Shen: When I came to the University of Tokyo for the first time, 
Koseki-san showed me around the Hongo campus, itfs very beautiful! 
And the lab members gave me a welcome sushi party, which made me 
feel at home. The lectures were different from professor to 
professor and the way of examinations was also different in 
COVID-19. Due to the risk of infection in organizing offline 
exams, most courses were graded in the form of reports, which 
allowed me to put into practice what I had learnt in class in 
small projects. It was very interesting, but anyway I had the 
impression that time passed very quickly because I was learning 
new knowledge and skills online. For my master's research, I 
worked on a pedestrian model in 3D urban space using 
multi-sensors, as it was close to the theme I had done in China.
 
Eiji: How difficult was your research?
 
Shen: In my research, we observe pedestrian travel behavior 
with multi-sensors and formulate observation equations.  At 
the same time, we estimate the parameters of the behavioural 
model and conduct simulations. Data processing involving some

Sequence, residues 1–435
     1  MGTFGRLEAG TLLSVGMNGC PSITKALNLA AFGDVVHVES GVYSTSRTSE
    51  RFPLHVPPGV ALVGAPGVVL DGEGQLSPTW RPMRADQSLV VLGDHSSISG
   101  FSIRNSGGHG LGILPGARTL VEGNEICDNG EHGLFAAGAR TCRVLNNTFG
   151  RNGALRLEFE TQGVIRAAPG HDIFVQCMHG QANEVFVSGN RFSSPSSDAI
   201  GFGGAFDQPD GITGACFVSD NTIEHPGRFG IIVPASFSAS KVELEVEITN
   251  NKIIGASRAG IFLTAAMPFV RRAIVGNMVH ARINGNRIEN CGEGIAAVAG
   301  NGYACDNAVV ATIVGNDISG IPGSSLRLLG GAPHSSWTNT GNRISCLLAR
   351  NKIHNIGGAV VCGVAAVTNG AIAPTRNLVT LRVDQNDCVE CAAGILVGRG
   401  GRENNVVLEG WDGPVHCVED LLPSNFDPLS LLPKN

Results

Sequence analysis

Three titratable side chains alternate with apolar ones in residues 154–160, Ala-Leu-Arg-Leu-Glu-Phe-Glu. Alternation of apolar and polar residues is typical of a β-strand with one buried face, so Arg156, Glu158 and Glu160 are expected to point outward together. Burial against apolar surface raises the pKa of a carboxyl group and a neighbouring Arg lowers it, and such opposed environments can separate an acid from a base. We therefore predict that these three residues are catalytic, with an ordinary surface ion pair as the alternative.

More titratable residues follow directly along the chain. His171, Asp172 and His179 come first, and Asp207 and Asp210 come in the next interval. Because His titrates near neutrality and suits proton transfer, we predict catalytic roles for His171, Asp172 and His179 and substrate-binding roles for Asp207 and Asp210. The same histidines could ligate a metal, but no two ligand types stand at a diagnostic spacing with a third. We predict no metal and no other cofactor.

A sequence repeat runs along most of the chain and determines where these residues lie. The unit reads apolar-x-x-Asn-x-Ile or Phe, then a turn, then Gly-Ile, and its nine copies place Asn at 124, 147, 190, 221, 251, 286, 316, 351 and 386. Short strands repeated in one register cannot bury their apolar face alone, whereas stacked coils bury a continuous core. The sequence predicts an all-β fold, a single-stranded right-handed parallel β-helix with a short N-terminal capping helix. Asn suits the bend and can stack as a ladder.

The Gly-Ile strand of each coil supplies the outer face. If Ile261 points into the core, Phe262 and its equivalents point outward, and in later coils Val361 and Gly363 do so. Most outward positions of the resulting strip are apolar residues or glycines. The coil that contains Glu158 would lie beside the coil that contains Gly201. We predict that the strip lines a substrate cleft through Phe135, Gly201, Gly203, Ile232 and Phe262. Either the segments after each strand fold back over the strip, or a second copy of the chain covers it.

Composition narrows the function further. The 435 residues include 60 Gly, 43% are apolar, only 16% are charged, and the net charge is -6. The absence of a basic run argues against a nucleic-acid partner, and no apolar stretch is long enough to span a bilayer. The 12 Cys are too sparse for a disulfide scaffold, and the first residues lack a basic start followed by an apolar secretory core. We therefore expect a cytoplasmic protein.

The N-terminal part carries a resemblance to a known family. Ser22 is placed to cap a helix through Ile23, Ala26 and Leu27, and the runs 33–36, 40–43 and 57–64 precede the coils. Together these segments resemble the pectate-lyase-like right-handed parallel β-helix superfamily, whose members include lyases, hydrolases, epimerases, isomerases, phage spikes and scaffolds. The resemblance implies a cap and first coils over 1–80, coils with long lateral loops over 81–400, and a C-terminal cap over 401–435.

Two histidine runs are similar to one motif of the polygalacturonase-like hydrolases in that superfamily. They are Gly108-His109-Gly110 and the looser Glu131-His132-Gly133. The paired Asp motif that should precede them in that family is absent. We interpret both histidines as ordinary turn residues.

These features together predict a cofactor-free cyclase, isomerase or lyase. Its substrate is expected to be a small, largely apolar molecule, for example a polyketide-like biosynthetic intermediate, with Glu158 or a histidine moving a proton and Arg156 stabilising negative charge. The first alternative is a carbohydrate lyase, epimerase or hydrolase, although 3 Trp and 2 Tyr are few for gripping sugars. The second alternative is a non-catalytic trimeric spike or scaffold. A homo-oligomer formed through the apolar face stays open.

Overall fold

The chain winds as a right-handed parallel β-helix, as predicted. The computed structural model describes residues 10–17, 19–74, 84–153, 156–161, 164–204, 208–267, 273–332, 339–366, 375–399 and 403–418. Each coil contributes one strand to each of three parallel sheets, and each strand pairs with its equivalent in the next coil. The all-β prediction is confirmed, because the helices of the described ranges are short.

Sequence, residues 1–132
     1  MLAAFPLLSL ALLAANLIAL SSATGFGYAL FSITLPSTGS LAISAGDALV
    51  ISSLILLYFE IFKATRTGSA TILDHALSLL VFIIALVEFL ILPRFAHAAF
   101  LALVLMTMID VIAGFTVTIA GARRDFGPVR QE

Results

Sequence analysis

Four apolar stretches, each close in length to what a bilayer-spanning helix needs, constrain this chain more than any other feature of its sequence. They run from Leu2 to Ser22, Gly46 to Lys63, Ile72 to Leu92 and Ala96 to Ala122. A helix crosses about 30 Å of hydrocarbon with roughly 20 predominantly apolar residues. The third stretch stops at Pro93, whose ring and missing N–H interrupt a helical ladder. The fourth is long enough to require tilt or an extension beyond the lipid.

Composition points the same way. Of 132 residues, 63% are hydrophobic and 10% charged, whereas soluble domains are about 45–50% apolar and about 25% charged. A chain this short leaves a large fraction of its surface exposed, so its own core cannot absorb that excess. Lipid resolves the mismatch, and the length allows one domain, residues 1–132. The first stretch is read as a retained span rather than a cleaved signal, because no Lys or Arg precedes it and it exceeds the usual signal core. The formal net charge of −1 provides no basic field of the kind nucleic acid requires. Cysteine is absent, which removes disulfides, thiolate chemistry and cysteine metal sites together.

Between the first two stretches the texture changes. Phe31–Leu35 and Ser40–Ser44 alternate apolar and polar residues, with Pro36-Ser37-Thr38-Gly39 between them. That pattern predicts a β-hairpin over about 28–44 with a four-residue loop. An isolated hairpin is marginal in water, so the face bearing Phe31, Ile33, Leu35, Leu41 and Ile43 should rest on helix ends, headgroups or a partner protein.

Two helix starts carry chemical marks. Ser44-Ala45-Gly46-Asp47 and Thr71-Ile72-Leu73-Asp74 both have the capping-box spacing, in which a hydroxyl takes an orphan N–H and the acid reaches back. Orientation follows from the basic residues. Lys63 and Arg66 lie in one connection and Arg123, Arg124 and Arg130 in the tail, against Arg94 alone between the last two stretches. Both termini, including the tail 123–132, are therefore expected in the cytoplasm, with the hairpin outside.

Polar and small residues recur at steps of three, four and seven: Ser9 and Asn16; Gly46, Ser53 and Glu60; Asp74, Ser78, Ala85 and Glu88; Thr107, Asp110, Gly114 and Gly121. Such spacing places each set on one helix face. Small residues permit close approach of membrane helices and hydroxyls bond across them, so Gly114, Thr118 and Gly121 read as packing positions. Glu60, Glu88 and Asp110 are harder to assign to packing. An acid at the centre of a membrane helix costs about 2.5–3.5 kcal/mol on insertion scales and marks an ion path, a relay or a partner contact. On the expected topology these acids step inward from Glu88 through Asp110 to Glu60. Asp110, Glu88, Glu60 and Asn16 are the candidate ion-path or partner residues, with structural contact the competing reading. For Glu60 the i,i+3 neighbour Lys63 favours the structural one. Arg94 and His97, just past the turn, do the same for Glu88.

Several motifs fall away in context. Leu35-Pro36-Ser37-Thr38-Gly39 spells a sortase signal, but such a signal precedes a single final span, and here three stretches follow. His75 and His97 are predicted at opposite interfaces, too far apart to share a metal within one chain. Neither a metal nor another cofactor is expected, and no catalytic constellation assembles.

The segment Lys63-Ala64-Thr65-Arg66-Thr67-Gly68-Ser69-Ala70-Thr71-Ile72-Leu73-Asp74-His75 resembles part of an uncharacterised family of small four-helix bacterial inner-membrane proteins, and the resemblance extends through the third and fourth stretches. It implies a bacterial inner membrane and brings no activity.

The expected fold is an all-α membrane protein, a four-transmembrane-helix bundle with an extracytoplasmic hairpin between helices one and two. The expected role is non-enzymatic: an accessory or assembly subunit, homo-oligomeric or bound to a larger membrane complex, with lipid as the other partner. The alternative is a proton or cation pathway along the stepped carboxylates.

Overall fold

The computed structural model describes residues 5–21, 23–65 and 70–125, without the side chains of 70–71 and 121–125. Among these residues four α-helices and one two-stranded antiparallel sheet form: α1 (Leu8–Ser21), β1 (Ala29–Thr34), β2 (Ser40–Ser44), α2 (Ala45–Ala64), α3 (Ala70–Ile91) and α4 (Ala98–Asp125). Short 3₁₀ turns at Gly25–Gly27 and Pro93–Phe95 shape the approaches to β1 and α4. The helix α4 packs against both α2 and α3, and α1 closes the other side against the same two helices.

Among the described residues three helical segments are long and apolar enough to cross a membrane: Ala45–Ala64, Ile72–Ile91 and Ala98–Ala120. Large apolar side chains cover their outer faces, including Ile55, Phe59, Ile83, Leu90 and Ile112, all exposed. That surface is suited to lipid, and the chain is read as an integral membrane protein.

machine learning approaches is challenging, but the most 
difficult part is the optimization method. I spent a lot of 
time learning discrete choice models from scratch, which is 
quite different from the model I used in my previous lab in 
China.
 
Eiji: How did you learn it?
 
Shen: The start-up seminar led me to understand the research 
theories used in this lab. Also, the reading seminar organized 
by Arai and ogawa in the summer vacation of M1 helped me a lot. 
As for the Recursive Logit model, I read the Fosgeraufs paper 
and related papers published by your lab. The papers by Oyama 
and Eiji are easy to read, and the archives of the presentations 
at our theoretical debates were very helpful.  Also, I am very 
grateful to Kobayashi and suga for answering my questions on 
RL model.
 
Eiji: It's nice to have different mathematical methodologies 
running together in our lab, so we can learn from each other 
and stimulate each other's research. How was your coding 
experience?
 
Shen: When I was in China, I mainly used off-the-shelf machine 
learning algorithm packages to process images and get 
trajectories, and the programming requirements were limited to 
the pre-processing of the data. But in this lab, we wrote the 
code by ourselves. It was challenging but interesting. To